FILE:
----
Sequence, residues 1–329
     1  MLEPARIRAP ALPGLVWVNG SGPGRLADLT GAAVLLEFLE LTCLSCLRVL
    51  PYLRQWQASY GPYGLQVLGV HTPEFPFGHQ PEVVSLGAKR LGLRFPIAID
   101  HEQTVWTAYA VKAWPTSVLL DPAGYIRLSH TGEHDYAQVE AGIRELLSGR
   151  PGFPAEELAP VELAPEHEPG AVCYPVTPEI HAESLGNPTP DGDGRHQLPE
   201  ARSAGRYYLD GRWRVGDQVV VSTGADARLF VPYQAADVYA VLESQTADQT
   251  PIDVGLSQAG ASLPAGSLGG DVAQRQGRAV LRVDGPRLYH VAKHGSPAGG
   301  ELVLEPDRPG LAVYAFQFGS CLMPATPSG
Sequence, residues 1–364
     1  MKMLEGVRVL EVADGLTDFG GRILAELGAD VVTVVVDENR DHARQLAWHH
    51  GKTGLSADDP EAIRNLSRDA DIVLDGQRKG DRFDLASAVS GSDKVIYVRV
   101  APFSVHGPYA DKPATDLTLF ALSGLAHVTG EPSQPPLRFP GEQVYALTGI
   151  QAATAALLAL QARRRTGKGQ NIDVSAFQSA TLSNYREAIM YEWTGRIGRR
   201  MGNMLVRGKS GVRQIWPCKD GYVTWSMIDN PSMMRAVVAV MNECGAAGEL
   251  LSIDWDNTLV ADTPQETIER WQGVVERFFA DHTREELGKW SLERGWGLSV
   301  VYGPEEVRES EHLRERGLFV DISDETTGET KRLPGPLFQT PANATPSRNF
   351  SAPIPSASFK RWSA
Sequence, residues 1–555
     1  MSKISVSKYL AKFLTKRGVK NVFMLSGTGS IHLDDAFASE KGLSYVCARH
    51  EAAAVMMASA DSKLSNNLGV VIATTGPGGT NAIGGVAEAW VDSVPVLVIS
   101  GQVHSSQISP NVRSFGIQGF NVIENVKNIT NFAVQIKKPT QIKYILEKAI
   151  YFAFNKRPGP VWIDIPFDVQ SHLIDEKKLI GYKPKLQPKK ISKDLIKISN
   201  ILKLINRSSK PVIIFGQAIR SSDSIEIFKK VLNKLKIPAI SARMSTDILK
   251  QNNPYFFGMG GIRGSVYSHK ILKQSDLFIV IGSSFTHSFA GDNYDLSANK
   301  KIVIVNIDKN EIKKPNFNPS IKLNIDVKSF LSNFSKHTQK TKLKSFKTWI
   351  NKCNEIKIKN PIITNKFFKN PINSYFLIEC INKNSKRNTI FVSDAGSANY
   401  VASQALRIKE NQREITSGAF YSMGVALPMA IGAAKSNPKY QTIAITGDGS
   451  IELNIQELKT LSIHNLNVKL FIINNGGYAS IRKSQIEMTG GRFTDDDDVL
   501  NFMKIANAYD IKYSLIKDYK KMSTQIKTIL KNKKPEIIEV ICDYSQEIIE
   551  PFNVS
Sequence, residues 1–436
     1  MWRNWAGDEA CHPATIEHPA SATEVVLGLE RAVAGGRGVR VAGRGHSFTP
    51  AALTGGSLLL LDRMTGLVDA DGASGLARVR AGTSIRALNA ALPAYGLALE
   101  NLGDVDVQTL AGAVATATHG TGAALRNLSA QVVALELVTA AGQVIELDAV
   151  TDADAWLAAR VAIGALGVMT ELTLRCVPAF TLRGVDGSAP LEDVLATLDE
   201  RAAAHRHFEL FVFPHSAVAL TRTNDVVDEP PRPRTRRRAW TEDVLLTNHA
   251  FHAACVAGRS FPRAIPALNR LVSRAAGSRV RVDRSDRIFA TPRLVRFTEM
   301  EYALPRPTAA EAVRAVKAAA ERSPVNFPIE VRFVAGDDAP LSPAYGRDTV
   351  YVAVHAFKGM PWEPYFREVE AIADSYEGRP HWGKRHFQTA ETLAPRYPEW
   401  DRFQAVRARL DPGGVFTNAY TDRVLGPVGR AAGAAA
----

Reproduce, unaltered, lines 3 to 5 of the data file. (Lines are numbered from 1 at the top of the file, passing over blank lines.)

    51  PYLRQWQASY GPYGLQVLGV HTPEFPFGHQ PEVVSLGAKR LGLRFPIAID
   101  HEQTVWTAYA VKAWPTSVLL DPAGYIRLSH TGEHDYAQVE AGIRELLSGR
   151  PGFPAEELAP VELAPEHEPG AVCYPVTPEI HAESLGNPTP DGDGRHQLPE